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MACK & MABEL
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BWW Reviews: MACK AND MABEL, Chichester Festival Theatre, July 21 2015

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'Mack and Mabel' could possibly be Jerry Herman's greatest score. It's certainly the score with the most resonance for a British audience (the programme notes for this Chichester production even highlight how fondly the music is thought of in the UK thanks to Torvill and Dean's adoption of it). And however good this production turned out to be, its forthcoming UK tour is bound to be a hit simply on the name of Michael Ball, its leading man.

As a show, however, it presents a few problems. Most notable here is that the revised script, ploughing through the story at the expense of characterisation, just isn't that funny - rather embarrassing for a musical whose male protagonist reiterates, "I want to make the world laugh!" Fortunately Stephen Mear's clever choreography helps out here - the Keystone Cops number is a great piece of well-executed physical comedy - and Anna-Jane Casey's sly, knowing 'Tap Your Troubles Away' is a showstopper.

Enough of the material - what of the cast? Casey is, as always, a thrilling triple threat; Jack Edwards is stand-out as Fatty Arbuckle; and Mark Inscoe is good if woefully underused as W D Taylor.

As for our titular characters, they're rather incongruous. There are times when you forget that it's Michael Ball, so gruff and grouchy is he - that is, until he begins to sing and unleashes those well-known golden tones, sometimes shaking you out of your suspension of disbelief.

And few reviewers will comment on it, but Ball's age seems to stay the same throughout the action, despite it spanning two decades. From start to finish, he appears to be a man in late middle-age. Meanwhile, Rebecca LaChance opposite him looks young. Extremely young. When we first meet Mabel, she's presumably a teenager - but apparently doesn't age that much afterwards. Some viewers might be forgiven for feeling a little uncomfortable with the pairing. The real-life Mack and Mabel had an age gap of 12 years, but directors have happily cast much older men and much younger women in the roles (witness the criticism levelled at the original production when Robert Preston played opposite the 30-years-younger Bernadette Peters).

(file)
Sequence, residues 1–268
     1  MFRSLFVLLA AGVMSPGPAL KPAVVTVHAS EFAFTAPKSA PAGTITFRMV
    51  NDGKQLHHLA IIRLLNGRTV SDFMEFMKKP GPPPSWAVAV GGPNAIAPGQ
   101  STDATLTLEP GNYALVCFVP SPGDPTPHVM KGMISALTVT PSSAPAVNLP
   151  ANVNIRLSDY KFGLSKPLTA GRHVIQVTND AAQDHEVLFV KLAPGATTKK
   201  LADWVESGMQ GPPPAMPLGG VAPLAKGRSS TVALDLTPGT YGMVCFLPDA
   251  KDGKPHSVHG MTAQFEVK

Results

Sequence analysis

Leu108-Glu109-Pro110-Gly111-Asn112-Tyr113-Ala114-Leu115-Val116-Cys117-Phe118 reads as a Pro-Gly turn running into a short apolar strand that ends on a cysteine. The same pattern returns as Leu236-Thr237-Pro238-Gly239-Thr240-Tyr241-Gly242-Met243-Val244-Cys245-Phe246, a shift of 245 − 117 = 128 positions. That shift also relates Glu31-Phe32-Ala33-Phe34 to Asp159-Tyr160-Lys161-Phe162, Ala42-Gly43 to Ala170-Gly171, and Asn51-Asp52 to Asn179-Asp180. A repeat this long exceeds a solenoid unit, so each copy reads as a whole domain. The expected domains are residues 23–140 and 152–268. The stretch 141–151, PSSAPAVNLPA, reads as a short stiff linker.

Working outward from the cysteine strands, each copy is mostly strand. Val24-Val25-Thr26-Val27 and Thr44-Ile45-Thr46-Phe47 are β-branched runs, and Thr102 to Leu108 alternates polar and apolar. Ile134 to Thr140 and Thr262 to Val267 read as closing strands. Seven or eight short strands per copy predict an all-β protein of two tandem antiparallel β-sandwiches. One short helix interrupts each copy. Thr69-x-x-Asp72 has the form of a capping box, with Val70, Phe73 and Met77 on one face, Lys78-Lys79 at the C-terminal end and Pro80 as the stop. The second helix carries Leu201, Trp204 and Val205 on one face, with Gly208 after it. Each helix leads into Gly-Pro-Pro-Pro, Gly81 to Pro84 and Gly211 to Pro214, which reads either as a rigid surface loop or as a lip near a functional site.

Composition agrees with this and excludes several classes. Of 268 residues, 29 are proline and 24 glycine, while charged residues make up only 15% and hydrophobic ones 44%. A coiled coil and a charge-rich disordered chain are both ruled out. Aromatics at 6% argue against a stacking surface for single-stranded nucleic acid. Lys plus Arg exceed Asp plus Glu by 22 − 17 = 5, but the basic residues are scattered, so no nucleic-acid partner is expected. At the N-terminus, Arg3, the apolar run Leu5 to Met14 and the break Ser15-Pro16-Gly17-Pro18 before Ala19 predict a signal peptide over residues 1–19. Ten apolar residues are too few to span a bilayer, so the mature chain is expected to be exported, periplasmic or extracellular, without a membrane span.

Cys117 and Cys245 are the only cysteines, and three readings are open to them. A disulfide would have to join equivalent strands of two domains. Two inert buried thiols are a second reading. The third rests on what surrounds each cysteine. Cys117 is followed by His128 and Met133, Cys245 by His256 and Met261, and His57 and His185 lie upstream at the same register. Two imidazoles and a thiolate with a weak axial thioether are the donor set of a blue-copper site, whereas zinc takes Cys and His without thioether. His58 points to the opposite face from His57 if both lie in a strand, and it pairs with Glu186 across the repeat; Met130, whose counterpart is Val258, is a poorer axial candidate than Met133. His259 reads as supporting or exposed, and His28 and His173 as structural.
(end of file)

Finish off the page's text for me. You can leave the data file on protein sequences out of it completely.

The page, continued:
With so little support from their material, both Ball and LaChance have an uphill struggle to make their characters even halfway empathetic, let alone likeable. LaChance begins well, a sprightly, lively waitress bursting in on the scene and revitalising the formulaic silent comedies. But we don't see her rise to stardom or her descent into illness or any real nuance of character, so when she sings 'Time Heals Everything', we know so little about Mabel - or indeed why she's in love with Mack - it's difficult to feel too much for her. But then, the piece has presented so many problems to so many creative teams over the years, it might be the fault of the show rather than the production. The score is as uplifting as ever - but the concept remains just as flawed.


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From This Author Carrie Dunn

Carrie is the UK editor-in-chief for BroadwayWorld. After spending her formative years reading books and ending up with a Masters degree in English literature from (read more...)